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This eBook from the Gutenberg Project consists of approximately 153 pages of information about Painted Windows.

One need not stop to ask if this version is strictly true.  The fact seems to emerge that the Bishop of Durham, one of the ablest intellects in the Church of England, and hitherto one of the strongest pillars of modernism, is beginning to speak theologically with rather less decision.

Let us at least express the pious hope that the Dean of Durham, Dr. Welldon, has had nothing to do with it.  A greater man than Dr. Henson, a greater scholar and a profounder thinker, has spoken to me of this new movement in the Bishop’s mind with a deep impersonal regret.  Modernism will go on; but what will happen to Dr. Henson?  “A man may change his mind once,” he said; “but to change it twice—­”

The words of Guicciardini came into my mind, “The most fatal of all neutralities is that which results not from choice, but from irresolution.”

There is much to be learned, I think, from a study of Dr. Henson’s personality.  He stands for the moment at a parting of the ways, and it will be interesting to see which road he intends to take; but the major interest lies in his abiding psychology, and no change in theological opinions will affect that psychology at all.  Attach to him the label of “modernist” or the label of “traditionalist,” and it will still be the same little eager man thrusting his way forward on either road with downward head and peering eyes, arguing with anyone who gets in his way, and loving his argument far more than his way.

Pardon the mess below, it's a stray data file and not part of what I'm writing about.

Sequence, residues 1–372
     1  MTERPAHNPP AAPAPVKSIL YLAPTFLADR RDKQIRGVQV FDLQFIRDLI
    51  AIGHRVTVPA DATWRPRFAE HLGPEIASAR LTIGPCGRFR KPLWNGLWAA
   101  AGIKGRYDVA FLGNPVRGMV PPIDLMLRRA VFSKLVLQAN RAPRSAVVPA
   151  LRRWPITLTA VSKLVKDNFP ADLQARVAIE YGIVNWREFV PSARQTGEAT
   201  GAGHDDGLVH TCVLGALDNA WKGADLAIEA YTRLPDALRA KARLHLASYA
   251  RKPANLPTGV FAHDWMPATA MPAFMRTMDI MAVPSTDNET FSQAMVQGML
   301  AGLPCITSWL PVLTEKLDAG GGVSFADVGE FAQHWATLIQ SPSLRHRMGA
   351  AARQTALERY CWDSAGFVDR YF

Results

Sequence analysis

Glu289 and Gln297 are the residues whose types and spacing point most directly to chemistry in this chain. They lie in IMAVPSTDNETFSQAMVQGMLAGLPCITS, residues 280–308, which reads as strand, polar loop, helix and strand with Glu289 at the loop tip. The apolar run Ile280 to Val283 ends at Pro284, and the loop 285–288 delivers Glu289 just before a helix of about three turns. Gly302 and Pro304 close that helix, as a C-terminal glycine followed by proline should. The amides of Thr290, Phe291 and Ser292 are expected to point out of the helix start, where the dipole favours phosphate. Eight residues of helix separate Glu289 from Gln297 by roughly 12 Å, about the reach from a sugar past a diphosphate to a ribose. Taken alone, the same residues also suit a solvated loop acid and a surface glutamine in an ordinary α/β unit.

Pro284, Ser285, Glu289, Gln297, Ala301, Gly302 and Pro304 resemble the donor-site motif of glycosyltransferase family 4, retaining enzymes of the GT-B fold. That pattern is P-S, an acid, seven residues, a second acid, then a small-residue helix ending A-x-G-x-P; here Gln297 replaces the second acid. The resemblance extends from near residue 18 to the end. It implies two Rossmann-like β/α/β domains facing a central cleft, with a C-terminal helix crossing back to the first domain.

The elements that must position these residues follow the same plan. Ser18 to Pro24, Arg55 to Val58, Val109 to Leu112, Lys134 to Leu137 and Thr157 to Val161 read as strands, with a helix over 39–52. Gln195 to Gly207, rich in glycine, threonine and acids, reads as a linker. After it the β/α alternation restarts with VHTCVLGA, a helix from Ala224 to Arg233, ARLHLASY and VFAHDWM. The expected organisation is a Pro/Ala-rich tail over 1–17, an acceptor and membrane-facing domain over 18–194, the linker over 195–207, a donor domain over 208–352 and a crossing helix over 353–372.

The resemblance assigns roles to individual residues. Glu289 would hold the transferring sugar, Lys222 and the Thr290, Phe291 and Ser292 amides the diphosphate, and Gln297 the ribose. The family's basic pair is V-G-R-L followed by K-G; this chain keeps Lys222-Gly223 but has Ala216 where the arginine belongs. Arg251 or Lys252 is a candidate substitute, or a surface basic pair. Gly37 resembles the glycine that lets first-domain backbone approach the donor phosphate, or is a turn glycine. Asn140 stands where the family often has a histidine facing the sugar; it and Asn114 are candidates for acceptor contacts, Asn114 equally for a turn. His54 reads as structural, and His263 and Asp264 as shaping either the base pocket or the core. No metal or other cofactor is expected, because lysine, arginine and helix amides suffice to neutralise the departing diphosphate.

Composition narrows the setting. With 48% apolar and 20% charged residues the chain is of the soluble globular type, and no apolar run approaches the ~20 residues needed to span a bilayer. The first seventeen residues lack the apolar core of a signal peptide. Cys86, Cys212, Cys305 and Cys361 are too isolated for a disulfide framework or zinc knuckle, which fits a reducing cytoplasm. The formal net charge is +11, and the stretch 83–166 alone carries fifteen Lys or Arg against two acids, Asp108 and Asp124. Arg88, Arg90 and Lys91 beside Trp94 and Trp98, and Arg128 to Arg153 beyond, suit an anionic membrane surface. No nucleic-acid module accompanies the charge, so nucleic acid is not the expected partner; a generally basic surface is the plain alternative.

When he was at Oxford, and was often in controversial conflict with Dr. A.C.  Headlam, now Regius Professor of Divinity, Dr. Hensley Henson earned the nickname of Coxley Cocksure.  Never was any man more certain he was right; never was any man more inclined to ridicule the bare idea that his opponent could be anything but wrong; and never was any man more thoroughly happy in making use of a singularly trenchant intellect to stab and thrust its triumphant way through the logic of his adversary.

It is said that Dr. Henson has had to fight his way into notice, and that he has never lost the defect of those qualities which enabled him so victoriously to reach the mitred top of the ecclesiastical tree.  He has climbed.  He has loved climbing.  Perhaps he has so got into this bracing habit that he may even “climb down,” if only in order once more to ascend—­a new rendering of reculer pour mieux sauter.  I do not think he has much altered since he first set out to conquer fortune by the force of his intellect, an intellect of whose great qualities he has always been perhaps a little dangerously self-conscious.

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